Dimitrios Kambouris, Getty Images Move out of the way because Beyonce is playing…
- Posted on Jul 21st 2009 4:30PM by Steve Hochman
With just Rodrigo Campos' cavaquinho (sort of a Brazilian ukulele) backing Céu's lilting voice, this song entrances in a way completely opposite of the first album: no electronics, no cross-culture gimmicks -- just a stripped-down, vulnerable mix of sweetness in sound and emotional exploration in the vocals.
And then the next song carries on the exact same tone. How cool! And the next, as well ... and the next ... oh, wait! There's something wrong with the CD so that it keeps playing the first song over and over.
"That's good that you liked the first song," says , laughing when told of the defect. Not to mention laughing at the listener's failure to realize what was going on until it had played a few times. Hey! It's a short song, and a cool vibe. Very easy to get lost in it.
The big problem, though, is that first misimpression seemed certain to dissolve into a letdown with the hearing of the real rest of the album.
No dice. The whole set is full of revelations -- some as far aesthetically from that simple, naturalistic opening as possible. The biggest revelation, though, is that the first album didn't really present a true representation of this artist.
"When you are in a situation, you cannot understand it exactly," she says of her debut. "I didn't even know I could compose and do my own music and travel around with a band. I never imagined something like this. I wanted to show first my influences. This second one, I wanted to see myself."
It's an impressive sight. The view takes in classic samba, bossa nova, reggae dub, Jamaican nyabinghi, psychedelia and ambient jazz, among others, often overlapping or gene-spliced into a very distinct and very personal landscape. And against that are lyrics that link the old traditions taught by her musicologist father to new traditions she's carrying on in her new role as parent, all with a very distinctive and colorful perspective.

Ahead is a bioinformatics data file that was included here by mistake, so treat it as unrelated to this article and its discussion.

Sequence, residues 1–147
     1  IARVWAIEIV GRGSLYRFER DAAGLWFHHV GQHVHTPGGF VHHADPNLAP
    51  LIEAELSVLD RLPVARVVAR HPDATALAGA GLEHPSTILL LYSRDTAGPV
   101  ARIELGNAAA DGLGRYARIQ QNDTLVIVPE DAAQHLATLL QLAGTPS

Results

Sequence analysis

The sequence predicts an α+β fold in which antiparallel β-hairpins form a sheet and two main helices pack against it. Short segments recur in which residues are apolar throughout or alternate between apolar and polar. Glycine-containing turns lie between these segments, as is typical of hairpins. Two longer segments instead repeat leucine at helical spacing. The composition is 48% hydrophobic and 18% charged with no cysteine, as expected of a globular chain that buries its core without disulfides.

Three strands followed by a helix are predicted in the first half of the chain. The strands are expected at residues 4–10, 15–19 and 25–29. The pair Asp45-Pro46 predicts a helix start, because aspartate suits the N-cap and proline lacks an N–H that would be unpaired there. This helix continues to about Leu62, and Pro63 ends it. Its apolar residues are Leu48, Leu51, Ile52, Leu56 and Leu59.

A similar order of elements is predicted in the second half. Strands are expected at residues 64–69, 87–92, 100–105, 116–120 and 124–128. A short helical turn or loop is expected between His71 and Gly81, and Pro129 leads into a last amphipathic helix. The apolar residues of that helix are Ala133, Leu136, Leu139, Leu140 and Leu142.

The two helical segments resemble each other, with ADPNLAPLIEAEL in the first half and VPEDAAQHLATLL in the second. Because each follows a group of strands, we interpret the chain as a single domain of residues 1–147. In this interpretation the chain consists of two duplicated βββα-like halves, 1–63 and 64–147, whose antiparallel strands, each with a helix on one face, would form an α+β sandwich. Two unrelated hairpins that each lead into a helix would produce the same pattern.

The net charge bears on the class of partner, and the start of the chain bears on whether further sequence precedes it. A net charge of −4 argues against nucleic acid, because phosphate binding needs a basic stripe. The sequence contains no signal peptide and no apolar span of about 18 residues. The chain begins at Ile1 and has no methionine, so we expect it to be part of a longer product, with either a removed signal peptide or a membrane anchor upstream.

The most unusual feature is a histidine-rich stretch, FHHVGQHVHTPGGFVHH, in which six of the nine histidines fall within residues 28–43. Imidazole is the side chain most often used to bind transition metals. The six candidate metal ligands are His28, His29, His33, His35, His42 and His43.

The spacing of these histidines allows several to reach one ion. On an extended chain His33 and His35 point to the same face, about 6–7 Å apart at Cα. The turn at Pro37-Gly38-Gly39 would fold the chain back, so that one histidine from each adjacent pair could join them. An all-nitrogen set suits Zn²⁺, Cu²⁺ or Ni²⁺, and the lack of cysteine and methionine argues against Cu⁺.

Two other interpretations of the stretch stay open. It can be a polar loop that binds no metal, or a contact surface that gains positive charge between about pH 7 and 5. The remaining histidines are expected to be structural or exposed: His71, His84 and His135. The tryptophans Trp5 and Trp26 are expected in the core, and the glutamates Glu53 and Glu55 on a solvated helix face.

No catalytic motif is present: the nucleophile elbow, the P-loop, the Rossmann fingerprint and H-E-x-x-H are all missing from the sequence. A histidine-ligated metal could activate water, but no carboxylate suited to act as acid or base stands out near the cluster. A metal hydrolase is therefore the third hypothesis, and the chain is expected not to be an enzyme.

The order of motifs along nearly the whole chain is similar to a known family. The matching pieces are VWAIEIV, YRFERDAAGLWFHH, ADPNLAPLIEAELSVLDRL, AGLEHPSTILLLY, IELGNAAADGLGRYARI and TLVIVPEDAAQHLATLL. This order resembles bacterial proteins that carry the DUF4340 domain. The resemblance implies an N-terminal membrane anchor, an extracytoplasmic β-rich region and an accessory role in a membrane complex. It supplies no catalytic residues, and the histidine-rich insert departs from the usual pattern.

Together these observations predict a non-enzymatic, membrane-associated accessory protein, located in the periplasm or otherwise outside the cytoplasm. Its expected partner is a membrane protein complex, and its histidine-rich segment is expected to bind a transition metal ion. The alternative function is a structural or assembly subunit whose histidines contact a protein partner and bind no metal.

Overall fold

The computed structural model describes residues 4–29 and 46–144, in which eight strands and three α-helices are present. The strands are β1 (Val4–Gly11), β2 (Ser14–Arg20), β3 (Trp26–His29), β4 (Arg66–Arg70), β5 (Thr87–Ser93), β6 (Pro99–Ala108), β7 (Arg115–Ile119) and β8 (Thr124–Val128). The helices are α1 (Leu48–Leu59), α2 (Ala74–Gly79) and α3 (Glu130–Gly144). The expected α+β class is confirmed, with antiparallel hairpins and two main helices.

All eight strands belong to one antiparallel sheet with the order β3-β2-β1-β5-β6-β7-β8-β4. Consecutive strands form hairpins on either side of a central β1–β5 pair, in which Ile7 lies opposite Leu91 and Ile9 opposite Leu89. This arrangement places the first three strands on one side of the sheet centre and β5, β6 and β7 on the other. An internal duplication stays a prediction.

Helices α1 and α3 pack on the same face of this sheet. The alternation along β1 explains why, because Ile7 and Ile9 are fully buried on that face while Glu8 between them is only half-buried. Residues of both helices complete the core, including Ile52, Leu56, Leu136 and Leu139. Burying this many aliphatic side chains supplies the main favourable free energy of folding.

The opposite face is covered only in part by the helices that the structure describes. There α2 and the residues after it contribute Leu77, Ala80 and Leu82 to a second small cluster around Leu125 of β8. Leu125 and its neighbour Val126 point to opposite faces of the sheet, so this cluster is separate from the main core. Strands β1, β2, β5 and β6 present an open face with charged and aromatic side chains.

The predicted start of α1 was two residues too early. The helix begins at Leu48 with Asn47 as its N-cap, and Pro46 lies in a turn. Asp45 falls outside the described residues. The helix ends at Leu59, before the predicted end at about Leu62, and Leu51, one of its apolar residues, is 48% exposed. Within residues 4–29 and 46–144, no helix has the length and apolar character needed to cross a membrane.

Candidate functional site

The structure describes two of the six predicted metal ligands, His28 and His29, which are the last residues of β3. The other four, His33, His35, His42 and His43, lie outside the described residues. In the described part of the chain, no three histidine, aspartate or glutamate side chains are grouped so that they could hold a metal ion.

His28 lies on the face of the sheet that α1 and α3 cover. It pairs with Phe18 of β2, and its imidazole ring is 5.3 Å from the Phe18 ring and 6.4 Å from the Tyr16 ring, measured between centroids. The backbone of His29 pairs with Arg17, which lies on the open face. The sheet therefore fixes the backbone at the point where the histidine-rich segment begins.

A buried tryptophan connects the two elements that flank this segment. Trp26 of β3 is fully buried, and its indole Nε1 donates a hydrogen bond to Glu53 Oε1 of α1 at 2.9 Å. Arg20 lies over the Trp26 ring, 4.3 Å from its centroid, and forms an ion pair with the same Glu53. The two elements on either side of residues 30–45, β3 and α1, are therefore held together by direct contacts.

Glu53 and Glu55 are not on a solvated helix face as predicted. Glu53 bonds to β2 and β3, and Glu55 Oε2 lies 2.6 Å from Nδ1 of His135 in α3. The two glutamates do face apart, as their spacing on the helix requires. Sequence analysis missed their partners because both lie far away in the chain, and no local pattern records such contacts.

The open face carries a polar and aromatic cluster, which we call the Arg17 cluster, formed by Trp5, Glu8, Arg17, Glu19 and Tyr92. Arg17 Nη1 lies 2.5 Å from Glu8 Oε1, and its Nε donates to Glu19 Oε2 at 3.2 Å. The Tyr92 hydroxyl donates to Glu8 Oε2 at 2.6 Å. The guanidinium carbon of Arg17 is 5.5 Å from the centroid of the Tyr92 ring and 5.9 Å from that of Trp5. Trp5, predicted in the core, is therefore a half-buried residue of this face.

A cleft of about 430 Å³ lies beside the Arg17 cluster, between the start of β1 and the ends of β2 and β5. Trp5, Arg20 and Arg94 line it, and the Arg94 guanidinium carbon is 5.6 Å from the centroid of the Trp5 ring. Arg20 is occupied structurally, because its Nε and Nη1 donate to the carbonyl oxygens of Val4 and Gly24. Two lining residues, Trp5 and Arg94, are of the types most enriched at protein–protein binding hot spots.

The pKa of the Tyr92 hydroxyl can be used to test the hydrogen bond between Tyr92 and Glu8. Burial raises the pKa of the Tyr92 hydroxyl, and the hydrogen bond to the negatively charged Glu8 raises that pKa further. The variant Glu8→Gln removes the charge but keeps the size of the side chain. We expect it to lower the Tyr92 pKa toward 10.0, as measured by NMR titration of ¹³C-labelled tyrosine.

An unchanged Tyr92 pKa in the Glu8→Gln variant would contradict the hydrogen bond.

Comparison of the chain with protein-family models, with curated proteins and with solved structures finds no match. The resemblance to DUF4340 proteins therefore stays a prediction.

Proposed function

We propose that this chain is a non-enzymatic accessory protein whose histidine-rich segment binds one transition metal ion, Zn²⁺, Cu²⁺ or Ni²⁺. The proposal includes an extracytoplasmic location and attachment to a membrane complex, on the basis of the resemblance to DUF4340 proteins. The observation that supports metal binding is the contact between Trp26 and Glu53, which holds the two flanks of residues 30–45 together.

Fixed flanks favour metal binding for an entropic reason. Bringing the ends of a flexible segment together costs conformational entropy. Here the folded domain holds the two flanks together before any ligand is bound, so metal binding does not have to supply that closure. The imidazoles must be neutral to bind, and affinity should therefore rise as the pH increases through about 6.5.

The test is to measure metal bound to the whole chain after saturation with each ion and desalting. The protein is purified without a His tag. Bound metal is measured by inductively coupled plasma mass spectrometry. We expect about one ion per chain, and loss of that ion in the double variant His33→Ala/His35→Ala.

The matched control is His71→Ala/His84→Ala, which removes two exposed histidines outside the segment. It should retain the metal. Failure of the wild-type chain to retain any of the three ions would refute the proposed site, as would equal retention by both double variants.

Remarkably, all of these things come together in one song, arguably the album's centerpiece and artistic zenith. 'Rosa Menina Rosa,' a song originated with '60s-'70s Brazil legend Jorge Ben in an arrangement inspired by a version from São Paulo band Los Sebosos Postizos (which plays with her on the track). Its swirl of trippy guitar, vibraphone, organ and dubbed-out rhythms around Céu's casually seductive singing creates an ambiance that's both past and future. And at the core is an ultimate intimacy.
Céu, 'Rosa Menina Rosa'
"Rosa is the name of my daughter," Céu explains. "This is a song I sang to her."
Baby Rosa herself is one of the keys to her mom's desire to more fully express herself this time around.
"A lot of things happened since I released my first one," she says. "Traveled around with my music -- to be with the band was great. Also I got pregnant, had my daughter. A lot of changes. For this second album, I just wanted to somehow go back to the essence of the music in my life. Music is such an important thing, and 'Vagarosa,' the name of the album -- I don't know how to exactly translate, but it means 'slowly.' With all the things that happened, I wanted to go down and try with all the new technologies, information, things you need to do day by day, just to slow down, to be in the places I am, not be in places traveling around. That was the idea of the album. Also, it's the second one, I was more on me, you know."